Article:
Front Line: Ensuring a “Pipeline” of Qualified Workers
Pipeline AZ was developed to match job-seekers with industry openings as well as academic institutions and local job training resources.
Pipeline AZ connects job seekers with local pathways to education or directly to employment that matches their specific skills and interests. Katherine Pappas, director of Workforce Strategy for the Partnership for Economic Innovation in Phoenix, calls it a tool to “cut through some of the noise and fragmentation in the job market,” providing real-time labor market information. The effort will also enhance the area's ability to assimilate skills and competencies into the job market more quickly, Pappas says.
Pipeline AZ is focused on 19 different industries, and more than 960 career paths, especially those that are most in demand by employers. Medical technology and financial technology are two examples of local industries with a rapidly growing need for talent. Pipeline AZ will serve as the “connective tissue” between all sectors — industry, economic development groups, two- and four-year colleges, and community organizations.
The blueprint for Pipeline AZ is a 2015 plan developed by the Greater Phoenix Economic Council, “a regional deep dive,” which spelled out three pillars: expanding exports, enhancing the entrepreneurial ecosystem, and becoming a hub for innovation, Pappas says. The Maricopa County Industrial Development Authority provided a $5.8 million grant to fund the site, a partnership between local universities — including Arizona State University and the University of Phoenix — and local businesses and job training companies such as Goodwill and Year Up.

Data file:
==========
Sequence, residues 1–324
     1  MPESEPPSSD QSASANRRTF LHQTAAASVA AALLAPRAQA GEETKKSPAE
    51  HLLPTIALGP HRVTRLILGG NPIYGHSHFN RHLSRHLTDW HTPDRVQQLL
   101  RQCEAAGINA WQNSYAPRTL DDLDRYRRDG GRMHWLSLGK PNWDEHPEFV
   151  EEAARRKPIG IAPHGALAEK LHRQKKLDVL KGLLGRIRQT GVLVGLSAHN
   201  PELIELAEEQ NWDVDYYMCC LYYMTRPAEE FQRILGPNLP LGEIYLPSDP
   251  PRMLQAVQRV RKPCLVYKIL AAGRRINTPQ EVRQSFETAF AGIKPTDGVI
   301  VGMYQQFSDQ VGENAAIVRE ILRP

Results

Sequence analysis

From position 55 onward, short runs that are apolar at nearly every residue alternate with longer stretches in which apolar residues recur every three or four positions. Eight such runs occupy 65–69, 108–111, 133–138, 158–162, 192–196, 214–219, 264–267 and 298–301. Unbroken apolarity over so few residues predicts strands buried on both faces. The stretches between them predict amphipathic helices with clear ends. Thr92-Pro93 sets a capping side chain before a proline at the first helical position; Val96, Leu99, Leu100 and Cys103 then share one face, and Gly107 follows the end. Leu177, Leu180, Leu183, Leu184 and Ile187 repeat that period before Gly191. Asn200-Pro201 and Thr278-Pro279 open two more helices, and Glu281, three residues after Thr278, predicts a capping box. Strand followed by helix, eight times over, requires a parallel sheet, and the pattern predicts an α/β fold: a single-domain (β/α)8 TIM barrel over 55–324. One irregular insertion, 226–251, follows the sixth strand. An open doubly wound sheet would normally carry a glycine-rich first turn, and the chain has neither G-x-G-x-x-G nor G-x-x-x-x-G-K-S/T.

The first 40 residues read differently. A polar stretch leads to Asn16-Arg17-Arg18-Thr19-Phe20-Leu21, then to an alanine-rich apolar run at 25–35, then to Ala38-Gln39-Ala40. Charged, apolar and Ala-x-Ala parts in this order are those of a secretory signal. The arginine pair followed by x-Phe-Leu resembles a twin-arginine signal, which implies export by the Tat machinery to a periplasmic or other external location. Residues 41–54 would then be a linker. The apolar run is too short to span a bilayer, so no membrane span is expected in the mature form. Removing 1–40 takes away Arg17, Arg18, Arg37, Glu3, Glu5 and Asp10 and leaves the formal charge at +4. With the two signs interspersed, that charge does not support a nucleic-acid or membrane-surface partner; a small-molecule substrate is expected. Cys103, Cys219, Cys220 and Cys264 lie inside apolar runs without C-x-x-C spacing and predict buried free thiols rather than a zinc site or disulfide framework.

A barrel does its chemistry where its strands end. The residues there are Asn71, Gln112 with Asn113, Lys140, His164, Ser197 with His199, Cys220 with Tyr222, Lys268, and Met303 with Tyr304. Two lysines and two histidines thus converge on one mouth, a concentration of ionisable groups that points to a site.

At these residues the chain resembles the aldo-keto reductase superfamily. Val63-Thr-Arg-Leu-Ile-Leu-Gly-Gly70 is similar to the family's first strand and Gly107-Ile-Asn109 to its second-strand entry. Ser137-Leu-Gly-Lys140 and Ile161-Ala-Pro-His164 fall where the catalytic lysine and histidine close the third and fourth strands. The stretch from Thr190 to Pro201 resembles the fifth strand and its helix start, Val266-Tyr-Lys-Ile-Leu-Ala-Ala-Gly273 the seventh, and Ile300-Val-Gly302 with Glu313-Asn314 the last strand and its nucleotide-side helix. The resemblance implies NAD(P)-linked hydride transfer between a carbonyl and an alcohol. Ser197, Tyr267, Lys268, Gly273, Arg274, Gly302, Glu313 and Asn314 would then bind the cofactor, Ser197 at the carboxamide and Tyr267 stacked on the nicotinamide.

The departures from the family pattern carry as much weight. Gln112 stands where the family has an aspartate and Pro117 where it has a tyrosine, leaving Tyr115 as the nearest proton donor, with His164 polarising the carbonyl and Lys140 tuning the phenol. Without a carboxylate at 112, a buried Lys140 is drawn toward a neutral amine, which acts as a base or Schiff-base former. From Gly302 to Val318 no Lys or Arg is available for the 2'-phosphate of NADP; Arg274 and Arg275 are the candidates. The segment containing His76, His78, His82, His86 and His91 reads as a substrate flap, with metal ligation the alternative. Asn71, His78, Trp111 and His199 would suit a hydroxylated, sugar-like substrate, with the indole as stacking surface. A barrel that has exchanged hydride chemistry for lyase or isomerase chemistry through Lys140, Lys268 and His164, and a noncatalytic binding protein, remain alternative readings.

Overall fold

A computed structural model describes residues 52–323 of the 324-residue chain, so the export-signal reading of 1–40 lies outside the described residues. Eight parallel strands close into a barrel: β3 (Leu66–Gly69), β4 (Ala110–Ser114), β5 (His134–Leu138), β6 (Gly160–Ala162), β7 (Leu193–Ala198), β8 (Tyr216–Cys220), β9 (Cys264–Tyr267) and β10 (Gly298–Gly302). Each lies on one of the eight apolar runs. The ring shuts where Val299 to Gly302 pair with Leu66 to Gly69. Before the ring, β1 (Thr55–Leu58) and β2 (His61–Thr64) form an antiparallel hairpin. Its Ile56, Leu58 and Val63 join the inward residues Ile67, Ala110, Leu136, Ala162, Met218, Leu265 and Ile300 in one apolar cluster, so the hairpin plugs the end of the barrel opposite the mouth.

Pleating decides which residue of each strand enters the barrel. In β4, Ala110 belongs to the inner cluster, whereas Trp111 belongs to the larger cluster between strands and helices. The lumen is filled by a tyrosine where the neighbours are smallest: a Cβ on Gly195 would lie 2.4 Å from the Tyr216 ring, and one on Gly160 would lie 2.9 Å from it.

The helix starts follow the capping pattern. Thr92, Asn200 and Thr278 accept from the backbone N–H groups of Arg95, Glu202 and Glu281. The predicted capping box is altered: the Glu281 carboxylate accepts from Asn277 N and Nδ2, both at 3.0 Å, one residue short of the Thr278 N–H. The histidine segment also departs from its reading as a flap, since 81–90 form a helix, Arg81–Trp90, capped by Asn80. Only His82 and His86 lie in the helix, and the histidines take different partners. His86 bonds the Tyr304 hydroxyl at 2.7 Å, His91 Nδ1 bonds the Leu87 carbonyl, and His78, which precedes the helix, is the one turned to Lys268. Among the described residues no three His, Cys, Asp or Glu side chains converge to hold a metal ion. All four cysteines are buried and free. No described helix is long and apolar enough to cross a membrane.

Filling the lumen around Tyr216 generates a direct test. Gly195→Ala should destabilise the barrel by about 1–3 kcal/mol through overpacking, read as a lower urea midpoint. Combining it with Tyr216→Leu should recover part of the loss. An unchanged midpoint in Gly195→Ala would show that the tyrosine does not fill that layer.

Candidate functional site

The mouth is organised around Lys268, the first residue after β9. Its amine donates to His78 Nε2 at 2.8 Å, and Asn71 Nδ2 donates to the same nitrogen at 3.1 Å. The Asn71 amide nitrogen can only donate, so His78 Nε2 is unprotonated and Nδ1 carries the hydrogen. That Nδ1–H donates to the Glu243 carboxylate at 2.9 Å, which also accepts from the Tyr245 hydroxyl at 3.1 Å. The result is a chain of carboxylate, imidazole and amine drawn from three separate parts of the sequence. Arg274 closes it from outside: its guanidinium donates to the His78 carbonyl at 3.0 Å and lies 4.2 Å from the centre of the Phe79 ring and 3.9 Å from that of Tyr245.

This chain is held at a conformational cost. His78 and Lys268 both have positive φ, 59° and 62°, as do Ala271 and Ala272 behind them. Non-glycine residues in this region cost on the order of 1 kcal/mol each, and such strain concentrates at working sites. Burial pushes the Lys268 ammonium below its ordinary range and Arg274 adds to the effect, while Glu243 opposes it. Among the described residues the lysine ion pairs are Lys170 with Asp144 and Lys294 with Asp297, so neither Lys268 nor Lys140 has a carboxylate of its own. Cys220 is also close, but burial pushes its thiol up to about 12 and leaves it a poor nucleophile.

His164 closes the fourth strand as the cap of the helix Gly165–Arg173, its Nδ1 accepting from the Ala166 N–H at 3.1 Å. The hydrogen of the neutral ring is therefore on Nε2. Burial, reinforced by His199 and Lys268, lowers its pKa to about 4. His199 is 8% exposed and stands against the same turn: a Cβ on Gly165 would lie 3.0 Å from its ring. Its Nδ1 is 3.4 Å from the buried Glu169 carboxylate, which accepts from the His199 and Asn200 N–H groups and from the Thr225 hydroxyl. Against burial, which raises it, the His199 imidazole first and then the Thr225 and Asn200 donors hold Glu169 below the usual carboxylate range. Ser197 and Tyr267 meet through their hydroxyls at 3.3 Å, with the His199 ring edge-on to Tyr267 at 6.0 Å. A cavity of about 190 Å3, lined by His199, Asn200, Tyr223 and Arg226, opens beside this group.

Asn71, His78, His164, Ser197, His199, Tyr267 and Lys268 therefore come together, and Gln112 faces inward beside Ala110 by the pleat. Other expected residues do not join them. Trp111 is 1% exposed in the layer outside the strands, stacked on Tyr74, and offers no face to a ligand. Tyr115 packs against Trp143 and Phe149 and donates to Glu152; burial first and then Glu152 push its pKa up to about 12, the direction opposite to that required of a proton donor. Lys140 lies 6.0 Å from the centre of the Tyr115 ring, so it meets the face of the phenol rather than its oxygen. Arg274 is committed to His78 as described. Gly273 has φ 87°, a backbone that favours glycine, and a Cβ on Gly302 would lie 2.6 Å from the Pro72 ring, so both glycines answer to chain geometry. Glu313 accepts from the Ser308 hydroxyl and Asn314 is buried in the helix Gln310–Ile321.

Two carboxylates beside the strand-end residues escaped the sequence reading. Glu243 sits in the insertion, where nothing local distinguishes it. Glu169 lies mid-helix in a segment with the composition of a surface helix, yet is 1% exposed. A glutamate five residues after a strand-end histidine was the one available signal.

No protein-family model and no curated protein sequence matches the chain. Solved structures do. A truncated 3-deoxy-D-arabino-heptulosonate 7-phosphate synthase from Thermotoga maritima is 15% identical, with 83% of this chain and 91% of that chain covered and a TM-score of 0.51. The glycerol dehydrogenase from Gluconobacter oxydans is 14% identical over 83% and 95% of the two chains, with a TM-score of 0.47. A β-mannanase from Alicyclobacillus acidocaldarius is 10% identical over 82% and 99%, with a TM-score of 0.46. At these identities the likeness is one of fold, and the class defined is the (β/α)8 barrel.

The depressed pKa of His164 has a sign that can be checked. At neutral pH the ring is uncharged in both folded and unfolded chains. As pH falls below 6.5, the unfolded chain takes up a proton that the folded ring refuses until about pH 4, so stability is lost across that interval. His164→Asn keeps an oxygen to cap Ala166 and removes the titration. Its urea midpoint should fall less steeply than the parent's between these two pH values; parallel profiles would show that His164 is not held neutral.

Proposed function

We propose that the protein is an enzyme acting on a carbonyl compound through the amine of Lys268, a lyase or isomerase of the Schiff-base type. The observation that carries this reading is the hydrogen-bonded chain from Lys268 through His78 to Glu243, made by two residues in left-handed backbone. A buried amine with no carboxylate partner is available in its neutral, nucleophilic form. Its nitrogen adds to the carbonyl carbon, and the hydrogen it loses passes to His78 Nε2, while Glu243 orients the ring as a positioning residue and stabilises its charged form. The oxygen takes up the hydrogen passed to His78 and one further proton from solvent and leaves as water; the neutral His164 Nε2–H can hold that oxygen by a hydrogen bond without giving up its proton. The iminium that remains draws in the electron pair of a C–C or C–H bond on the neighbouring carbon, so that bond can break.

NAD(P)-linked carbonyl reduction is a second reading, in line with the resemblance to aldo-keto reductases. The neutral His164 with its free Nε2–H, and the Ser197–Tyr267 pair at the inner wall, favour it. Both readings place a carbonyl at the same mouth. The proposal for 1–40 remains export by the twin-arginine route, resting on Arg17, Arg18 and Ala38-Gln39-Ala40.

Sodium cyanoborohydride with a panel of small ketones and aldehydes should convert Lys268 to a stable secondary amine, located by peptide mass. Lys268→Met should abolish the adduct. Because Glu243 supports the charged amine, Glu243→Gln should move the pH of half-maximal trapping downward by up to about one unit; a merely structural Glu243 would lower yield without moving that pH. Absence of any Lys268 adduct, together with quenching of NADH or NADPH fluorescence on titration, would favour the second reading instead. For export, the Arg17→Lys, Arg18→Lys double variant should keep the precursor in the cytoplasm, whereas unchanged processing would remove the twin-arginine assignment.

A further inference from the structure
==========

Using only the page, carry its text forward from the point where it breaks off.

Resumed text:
The site is free for job-seekers and offers them resources to enhance their career through education and training and to connect with local businesses for more than 700 careers. Users fill out profiles to match them with jobs, internships, or mentors. They can explore career options, see what training is needed, and learn about salary potential. Job-seekers can also be matched with a case manager/career navigator for extra support.
Pipeline AZ connects job seekers with local pathways to education or directly to employment that matches their specific skills and interests. The Partnership for Economic Innovation enlisted the expertise of Futures Inc., a North Carolina tech company which previously designed and built a job search tool to match veterans leaving the U.S. military with the right civilian occupations. “There are not many tools available that marry career exploration, opportunity, and education with (individuals’) interests and skills, all in one platform,” says Futures Chief Operating Officer Brian Fischer. “It's complicated because there are a lot of stakeholders” in any employment market.
Futures’ skills-based approach uses supply-and-demand mapping to understand the local ecosystem, Fischer explains. “On the supply side, who are the job-seekers, who are those that help them? And on the demand side is industry.” The firm's skills-matching tool uses “structured data to provide precise candidate and job matches.”
Job forecasting and using real-time data to keep the platform current in a rapidly evolving job market are also essential, Fischer says. “We're diving deeper to engage industries in a much more detailed way. We don't want to be a single snapshot in time; we want to know month-by-month how industry needs are changing. Then schools can know how better to adjust their curricula and market their programs to job-seekers.”
Officials are confident Pipeline AZ will help ensure the steady flow of qualified workers needed by growing companies in a technology hub, Pappas says. “Talent is the number-one driver of economic development.”
A Site Selector’s Checklist for Locating in the U.S.
Location USA 2019
2018 Top States for Doing Business: Georgia Ranks #1 Fifth Year in a Row
33rd Annual Corporate Survey & the 15th Annual Consultants Survey
What Makes a Successful Innovation District?
2018 Leading Metro Locations: Pacific and Mountain Metros Dominate the List
A Changing Food Manufacturing Industry
2017 Food Processing